Sight-seeing at Himeji En Route to Arima Onsen (Kansai, Japan Trip 2012, Day 14)

On this day, we did a bit of sight-seeing at Himeji while going to Arima Onsen. We managed to did a bit of shopping at Kobe too. šŸ™‚

At Himeji, we visited the Himeji CastleĀ (姫č·Æ城), a true survivor that was never destroyed in wars, earthquakes and fires. It has been kept in its original state for 600 over years. The cherry blossom trees around the castle was in full bloom and we took a few pictures. In the castle, one can learn about the life story of Princess Senhime (千姫).

After the castle tour, we went to Kobe Motomachi to have lunch and did a bit of shopping. We then proceeded to Arima Onsen. Arima OnsenĀ is a famous smallĀ hot springĀ town whereby one can explore on foot. There are several hot spring sources, niceĀ templesĀ andĀ shrinesĀ and a small hot spring museum to be discovered.

As we arrived at Arima Onsen during evening, we decided to leave sight-seeing to the next day but managed to squeezed in one last bit of shopping and sight-seeing. We bought some souvenirs, Arima senbei (highly recommended!) that were made using the carbonated hot spring water and also hopped onto a special sight-seeing bus/van to catch the “million dollar night view” of Kobe city from Mount Rokko.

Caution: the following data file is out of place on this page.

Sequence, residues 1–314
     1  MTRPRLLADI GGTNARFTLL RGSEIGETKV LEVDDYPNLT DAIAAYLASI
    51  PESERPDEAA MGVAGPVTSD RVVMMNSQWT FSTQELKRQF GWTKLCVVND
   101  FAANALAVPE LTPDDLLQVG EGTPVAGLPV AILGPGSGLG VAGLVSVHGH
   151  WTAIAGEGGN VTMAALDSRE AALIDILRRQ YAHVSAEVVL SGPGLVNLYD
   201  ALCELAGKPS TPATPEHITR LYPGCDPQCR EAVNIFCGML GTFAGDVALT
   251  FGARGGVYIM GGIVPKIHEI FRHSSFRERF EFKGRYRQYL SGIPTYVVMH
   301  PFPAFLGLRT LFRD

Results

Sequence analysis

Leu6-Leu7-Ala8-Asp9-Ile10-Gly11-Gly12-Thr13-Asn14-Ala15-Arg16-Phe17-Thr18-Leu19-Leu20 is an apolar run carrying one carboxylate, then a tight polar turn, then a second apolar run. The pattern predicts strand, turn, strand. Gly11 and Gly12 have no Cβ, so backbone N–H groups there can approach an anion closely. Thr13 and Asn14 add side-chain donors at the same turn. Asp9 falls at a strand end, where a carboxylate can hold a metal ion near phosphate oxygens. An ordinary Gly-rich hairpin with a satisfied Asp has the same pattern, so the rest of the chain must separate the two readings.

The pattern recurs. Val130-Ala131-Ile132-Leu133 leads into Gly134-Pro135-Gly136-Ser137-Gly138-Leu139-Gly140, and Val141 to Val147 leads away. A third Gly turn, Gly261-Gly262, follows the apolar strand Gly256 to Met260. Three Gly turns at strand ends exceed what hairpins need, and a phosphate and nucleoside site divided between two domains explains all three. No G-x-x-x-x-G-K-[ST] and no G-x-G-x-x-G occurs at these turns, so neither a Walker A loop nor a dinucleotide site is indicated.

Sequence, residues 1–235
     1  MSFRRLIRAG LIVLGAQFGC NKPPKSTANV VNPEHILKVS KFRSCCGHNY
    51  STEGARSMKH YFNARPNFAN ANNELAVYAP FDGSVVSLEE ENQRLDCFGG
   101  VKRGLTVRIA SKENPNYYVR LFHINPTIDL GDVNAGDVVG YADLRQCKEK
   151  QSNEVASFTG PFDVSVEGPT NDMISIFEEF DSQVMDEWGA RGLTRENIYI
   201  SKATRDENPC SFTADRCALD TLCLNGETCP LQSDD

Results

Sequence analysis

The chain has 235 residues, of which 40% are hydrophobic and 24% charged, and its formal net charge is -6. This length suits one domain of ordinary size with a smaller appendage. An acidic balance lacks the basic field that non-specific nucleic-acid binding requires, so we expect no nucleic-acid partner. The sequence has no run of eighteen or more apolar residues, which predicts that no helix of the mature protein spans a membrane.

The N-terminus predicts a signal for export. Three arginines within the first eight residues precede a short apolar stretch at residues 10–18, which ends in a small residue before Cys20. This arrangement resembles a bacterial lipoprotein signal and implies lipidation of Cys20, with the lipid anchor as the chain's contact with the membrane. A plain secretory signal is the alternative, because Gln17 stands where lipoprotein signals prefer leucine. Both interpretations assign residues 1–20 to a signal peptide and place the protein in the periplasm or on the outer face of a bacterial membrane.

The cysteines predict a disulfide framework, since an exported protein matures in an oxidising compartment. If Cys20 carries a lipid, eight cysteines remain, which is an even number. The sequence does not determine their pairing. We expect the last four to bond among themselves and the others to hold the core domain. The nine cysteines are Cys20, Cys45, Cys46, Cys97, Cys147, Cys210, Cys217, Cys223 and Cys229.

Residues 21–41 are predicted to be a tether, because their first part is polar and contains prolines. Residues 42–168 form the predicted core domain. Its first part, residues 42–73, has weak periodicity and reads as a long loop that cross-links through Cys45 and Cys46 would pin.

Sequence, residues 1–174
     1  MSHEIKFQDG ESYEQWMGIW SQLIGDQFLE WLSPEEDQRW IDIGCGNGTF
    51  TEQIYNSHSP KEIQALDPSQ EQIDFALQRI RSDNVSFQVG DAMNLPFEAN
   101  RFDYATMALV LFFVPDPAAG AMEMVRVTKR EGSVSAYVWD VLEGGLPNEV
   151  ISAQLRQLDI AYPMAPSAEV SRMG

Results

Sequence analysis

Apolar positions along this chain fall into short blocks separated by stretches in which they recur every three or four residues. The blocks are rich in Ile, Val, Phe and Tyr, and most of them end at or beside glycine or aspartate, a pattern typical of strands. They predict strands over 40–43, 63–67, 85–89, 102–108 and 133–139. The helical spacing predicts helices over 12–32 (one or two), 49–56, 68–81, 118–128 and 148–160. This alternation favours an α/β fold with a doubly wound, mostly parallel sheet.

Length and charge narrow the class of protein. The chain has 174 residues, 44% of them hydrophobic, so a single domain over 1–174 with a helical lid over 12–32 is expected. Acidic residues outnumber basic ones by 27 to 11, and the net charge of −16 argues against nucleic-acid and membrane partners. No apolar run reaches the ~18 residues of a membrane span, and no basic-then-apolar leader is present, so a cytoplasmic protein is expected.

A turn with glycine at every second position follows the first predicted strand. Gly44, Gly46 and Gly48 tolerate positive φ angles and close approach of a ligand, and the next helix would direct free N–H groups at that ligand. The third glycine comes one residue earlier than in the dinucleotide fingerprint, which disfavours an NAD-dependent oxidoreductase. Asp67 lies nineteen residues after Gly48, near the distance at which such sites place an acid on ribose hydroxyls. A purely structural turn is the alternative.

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Not One, Not Two but a Thousand Torii Gates! (Kansai, Japan Trip 2012, Day 13)

Torii gates (鳄居),Ā traditionalĀ JapaneseĀ gatesĀ usually found at the entrance of or within aĀ Shinto shrine, mark the transition from the earthly world into the holy spiritual world. At Fushimi Inari Taisha (ä¼č¦‹ēØ²č·å¤§ē¤¾), you don’t see just one or two of them, you see thousands of torii gates! One can imagine what a spectacular sight it is and how great they’ll look in photos.Ā These are donations by individuals and companies who would like to thank the Kami (ē„ž), gods, for their successes.

Fushimi Inari is a shrine dedicated to Inari, Shinto’s God of Rice. One can spot many statues of foxes in the grounds of the shrine as they are believed to be messengers of Inari.

We spent our time leisurely exploring the shrine and of course happily taking photos. Here are some to share with you.